Paulden's Department Store

William Paulden began trading on Stretford Road in the 1860's and continued to do business in the area until 1957.  The red arrow on the aerial photograph above shows the store in 1953.  The building that you see above was first built in 1879 according to the date which used to stand above the name W. Paulden on the front of the building.  A document on the National Archive website from the Greater Manchester County Records Office describes Paulden as an innovator and points to the fact that he was, "the first to introduce electric lighting, lifts, escalators, plate glass windows and motorised vehicles (in 1937) to his shop. He also had a moving picture show in the window presumably advertising goods and services."  Apparently, the store also had its own three-piece band.  Prior to the introduction of motorized vehicles the store had stables at the rear that housed their horses and carts.

The purple star on the map below shows the block that the store occupied.

According to the document referred to above, "The hours of work for staff (after 1930's) were Monday, Tuesday, Thursday 9 am - 6 pm. Wednesday 9 am - 7 pm. Friday 9 am - 7 pm. Saturday 9 am - 8 pm and the wages at 14 years were 5 shillings a week. At age of 16 this went up to 17.6d plus ½d in the £ commission. At the same time buyers got between £2-£3 a week.  The uniform was navy and yellow or navy and silver and in the afternoons the staff would change into evening dress."

The Greater Manchester County Records Office also has a document that recounts the experiences of Blanche Baxter who worked at the store from the age of 14, starting in 1936.  She also said that Paulden's was an innovative store and added that it was, "the first to bring Danish pastries to England. They were the specialist shop for carpets, lino and soft furnishing. They ran a lot of competitions - Shirley Temple look-a-likes, Mannequin parades. (they had duplicate set of the crown jewels on display in the shop). At Easter they built a farm in the basement and children had to guess the number of Easter eggs in order to win a puppy. At Christmas staff used to visit hospitals in the area in a carriage and four dressed as snow white and the seven dwarfs."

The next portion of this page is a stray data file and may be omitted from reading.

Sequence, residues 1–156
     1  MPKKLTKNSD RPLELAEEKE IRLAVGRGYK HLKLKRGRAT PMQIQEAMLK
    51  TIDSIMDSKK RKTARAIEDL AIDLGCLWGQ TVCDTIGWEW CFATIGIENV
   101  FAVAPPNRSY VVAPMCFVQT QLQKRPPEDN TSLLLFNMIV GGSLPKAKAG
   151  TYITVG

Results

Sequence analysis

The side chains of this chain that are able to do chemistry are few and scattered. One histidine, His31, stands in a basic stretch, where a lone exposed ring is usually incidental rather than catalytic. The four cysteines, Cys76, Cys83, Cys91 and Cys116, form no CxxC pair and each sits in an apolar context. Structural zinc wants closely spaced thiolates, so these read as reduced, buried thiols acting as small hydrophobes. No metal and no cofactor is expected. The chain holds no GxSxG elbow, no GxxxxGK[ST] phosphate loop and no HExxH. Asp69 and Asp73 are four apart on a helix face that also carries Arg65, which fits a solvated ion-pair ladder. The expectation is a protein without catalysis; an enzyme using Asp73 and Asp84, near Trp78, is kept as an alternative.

If you click on the link below you can Paulden's in 1925.

Paulden's 1925

Three years after that photograph was taken the store was taken over by Debenham's although it continued to trade as Paulden's.  The building was rebuilt in 1930 and it apparently escaped disaster in 1941 when it received a direct hit from a bomb that went straight though the lift shaft doing little damage.

In 1957 the store had a major refurbishment and on the Sunday before it was due to re-open a fire broke out that completely gutted the building.  The links below show the scene as firemen were fighting the blaze and the front of the building collapsed. 

Initially Pauldens moved next door and set up business in the neighbouring Drill Hall.   Another incident occured at the site after the fire when a double-decker bus was involved in a crash and ended up falling into the exposed basement of the store.  In 1959 Paulden's reopened in Market Street in the former Rylands Warehouse that today is home to Debenhams.  You can see their name on the side of the building.

Today the site of the original Paulden's Department Store, that burned to the ground, is occupied by the Manchester Metropolitan University's Cambridge Hall of Residence, see below.

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